The deeper Constance embroiled herself into the cause, the more radical she became. In 1909, she founded Fianna Eireann, a paramilitary training corps for Irish teenage boys. Constance also was arrested for speaking in favor of the Irish Republican Brotherhood, and for protesting the visit of King George V in 1911. When workers suffered a lock-out for protesting against police brutality, Constance paid for food to feed families out of her own pocket and started local soup kitchens. In fact, Constance eventually sacrificed nearly all of her own wealth in support of the cause.
The long strain of Republicanism on Constance’s marriage took its toll by 1913 when her husband moved to the Ukraine never to return to Ireland. By 1916, Constance was fully immersed in planning and execution of the Easter Rising. Constance put down her tiara, picked a gun and served as second in command at the St. Stephen’s barricade, one of many encampments through the six-day long siege of the city.
Constance dug trenches, set up barricades, actually shot a British solider, and refused surrender until she received a copy of surrender orders from the the top command.
Of the 70 women arrested during the uprising and serving as “guests” at the Kilmainham Gaol, Constance was the only to be placed in solitary confinement. She further sassed her captors at her court-martial and when her sentence of death was commuted on account of her gender, she replied to the court: “I wish your lot had the decency to shoot me.”
Politics being what they are and the swell of support that arose from Irish Catholics to the government response of the Eater Rising, Constance was released in 1917. Shortly after, Constance renounce her Anglican faith and converted to Catholicism.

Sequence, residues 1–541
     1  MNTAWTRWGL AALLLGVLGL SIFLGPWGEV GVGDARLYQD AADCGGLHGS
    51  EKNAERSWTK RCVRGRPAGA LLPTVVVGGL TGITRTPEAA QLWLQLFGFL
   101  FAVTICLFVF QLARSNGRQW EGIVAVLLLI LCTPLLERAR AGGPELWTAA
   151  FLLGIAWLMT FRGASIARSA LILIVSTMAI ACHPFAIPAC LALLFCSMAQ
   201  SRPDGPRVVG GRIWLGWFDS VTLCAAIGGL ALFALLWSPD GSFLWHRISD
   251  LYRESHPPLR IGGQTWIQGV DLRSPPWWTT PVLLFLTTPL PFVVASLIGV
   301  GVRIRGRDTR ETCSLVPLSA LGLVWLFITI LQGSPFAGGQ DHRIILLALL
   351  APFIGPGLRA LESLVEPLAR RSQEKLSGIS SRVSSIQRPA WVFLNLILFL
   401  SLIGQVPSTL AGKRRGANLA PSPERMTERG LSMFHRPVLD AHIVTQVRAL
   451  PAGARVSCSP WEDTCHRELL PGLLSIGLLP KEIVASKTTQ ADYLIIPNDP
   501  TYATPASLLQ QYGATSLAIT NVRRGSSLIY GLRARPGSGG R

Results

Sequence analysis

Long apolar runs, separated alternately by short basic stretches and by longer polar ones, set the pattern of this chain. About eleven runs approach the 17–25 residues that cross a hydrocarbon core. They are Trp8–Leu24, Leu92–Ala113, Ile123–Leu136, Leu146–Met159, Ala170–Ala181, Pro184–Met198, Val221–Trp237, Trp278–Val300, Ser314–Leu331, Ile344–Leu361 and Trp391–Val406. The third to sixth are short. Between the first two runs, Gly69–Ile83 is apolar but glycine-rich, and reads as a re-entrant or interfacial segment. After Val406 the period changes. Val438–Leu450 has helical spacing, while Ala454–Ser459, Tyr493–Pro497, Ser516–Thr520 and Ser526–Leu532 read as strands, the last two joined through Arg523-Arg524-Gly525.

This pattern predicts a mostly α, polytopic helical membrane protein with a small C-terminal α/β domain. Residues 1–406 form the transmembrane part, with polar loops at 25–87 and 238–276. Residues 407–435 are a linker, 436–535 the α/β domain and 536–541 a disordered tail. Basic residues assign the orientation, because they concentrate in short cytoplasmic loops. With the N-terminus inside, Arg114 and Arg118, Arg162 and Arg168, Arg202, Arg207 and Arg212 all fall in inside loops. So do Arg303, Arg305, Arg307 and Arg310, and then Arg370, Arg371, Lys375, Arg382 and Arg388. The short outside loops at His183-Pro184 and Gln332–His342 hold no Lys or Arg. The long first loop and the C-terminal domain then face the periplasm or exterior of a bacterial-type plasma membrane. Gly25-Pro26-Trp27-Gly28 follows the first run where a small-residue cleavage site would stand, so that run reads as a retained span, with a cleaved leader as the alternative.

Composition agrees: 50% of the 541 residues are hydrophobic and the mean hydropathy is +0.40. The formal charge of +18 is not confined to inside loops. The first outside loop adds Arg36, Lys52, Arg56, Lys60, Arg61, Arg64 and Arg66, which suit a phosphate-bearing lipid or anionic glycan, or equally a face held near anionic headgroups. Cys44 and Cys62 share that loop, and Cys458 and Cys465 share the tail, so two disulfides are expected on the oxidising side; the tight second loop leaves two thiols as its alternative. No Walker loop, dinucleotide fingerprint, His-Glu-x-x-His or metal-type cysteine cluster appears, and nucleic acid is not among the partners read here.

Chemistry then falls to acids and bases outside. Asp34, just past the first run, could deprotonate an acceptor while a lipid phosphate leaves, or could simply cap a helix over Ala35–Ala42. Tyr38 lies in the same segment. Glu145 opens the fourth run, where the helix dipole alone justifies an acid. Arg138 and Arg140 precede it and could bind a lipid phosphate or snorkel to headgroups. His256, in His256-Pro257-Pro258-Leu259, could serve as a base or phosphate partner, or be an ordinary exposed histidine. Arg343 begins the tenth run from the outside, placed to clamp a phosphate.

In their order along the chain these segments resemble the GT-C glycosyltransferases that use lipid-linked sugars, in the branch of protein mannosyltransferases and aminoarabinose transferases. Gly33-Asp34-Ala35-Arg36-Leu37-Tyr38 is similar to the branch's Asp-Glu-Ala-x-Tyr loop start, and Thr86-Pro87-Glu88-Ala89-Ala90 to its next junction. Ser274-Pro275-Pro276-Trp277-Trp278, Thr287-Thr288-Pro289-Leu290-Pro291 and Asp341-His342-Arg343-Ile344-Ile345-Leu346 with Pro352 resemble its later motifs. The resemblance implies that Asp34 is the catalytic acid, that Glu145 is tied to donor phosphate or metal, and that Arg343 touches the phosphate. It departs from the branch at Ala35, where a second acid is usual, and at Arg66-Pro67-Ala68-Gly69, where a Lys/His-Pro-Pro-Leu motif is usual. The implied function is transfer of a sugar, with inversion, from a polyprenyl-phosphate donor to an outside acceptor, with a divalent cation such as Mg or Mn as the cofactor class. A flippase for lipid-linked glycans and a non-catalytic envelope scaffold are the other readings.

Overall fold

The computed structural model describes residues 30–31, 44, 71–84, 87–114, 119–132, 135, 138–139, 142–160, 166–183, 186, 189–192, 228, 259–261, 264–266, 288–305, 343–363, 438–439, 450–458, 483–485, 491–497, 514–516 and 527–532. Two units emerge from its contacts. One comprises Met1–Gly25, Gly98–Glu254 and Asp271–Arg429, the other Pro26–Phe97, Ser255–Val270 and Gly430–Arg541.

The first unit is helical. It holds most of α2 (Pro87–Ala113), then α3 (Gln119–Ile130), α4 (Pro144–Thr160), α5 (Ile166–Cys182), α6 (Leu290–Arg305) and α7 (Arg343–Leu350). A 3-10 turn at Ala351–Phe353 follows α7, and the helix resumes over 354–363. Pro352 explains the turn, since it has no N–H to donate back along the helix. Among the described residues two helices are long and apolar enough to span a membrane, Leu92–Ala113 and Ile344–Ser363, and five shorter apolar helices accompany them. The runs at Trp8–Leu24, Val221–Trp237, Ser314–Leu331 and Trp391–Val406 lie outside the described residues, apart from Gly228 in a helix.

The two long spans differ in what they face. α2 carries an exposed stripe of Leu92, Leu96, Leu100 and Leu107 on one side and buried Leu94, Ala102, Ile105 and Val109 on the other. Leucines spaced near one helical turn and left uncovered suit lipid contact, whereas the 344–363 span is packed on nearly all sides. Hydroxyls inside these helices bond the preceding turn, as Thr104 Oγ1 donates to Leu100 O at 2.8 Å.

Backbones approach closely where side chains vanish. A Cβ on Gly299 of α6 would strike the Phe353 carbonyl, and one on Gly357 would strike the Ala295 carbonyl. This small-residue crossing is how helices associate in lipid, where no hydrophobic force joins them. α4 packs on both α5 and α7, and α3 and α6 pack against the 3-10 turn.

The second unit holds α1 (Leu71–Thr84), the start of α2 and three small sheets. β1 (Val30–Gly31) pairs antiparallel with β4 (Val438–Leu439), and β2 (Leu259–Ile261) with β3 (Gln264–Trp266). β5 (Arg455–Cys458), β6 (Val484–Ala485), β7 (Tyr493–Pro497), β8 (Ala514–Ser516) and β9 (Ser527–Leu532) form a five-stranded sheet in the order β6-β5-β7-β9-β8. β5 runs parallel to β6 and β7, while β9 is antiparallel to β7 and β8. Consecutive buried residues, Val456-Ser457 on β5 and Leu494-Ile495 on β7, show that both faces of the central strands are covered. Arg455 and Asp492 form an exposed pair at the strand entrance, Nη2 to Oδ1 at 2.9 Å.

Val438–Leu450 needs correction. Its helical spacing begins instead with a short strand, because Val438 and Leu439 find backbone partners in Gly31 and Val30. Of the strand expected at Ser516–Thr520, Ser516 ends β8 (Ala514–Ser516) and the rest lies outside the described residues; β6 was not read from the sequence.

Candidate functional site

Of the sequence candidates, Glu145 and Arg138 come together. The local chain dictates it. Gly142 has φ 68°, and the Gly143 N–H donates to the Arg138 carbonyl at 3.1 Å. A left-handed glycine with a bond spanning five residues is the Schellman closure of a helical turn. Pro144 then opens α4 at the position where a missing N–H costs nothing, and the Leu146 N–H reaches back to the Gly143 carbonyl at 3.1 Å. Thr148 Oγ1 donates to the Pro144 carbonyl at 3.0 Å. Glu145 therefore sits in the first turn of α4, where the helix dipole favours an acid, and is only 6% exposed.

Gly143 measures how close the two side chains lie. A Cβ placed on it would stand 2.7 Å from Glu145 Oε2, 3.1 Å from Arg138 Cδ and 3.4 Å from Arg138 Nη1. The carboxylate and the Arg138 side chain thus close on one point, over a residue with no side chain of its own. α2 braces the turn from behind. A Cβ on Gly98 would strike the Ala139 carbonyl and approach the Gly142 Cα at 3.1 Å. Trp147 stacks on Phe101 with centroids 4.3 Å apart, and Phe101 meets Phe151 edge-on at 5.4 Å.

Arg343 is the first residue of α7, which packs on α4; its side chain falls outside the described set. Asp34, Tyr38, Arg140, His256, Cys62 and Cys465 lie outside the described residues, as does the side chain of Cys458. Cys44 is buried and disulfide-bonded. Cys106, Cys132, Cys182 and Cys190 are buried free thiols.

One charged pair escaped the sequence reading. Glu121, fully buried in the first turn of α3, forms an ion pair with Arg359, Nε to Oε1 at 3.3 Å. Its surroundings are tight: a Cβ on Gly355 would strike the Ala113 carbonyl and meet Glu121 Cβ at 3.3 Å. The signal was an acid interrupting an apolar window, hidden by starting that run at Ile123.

In 1918, Constance was jailed again for anti-conscription shananigans. While in jail, however, Constance was voted into the British House of Commons under the Sinn Fein party. The first women ever elected. As a part of general protest, she refused to take her seat.The first Dail Eireann convened in 1918 declaring Ireland a free republic and generally kicking off the Irish War for Independence.
Constance served in government, most notably as labor secretary, until 1922 when Eamon de Valera, Constance and other followers resigned in protest over the passage of the Anglo-Irish Treaty which formally separated North and South Ireland.
A major turn-about occurs in 1923, when Constance, re-elected to government yet again, refused to take her seat and participated in other activities considered detrimental to the new Irish state. She was jailed, again, and led 92 other women in a hunger strike.
Constance kept her foot in the door of Irish politics until her death in 1927 at the age of 59. Years of working in Dublin poorhouses more than likely exposed her to tuberculosis listed as the official cause of death. Her estranged husband returned from abroad and was at her side when she died.
Eamon de Valera provided her eulogy. Sean O’Casey, the famous Irish playwright, provides the most memorable quote about Constance:
“One thing she had in abundance—-physical courage; with that she was clothed as with a garment”.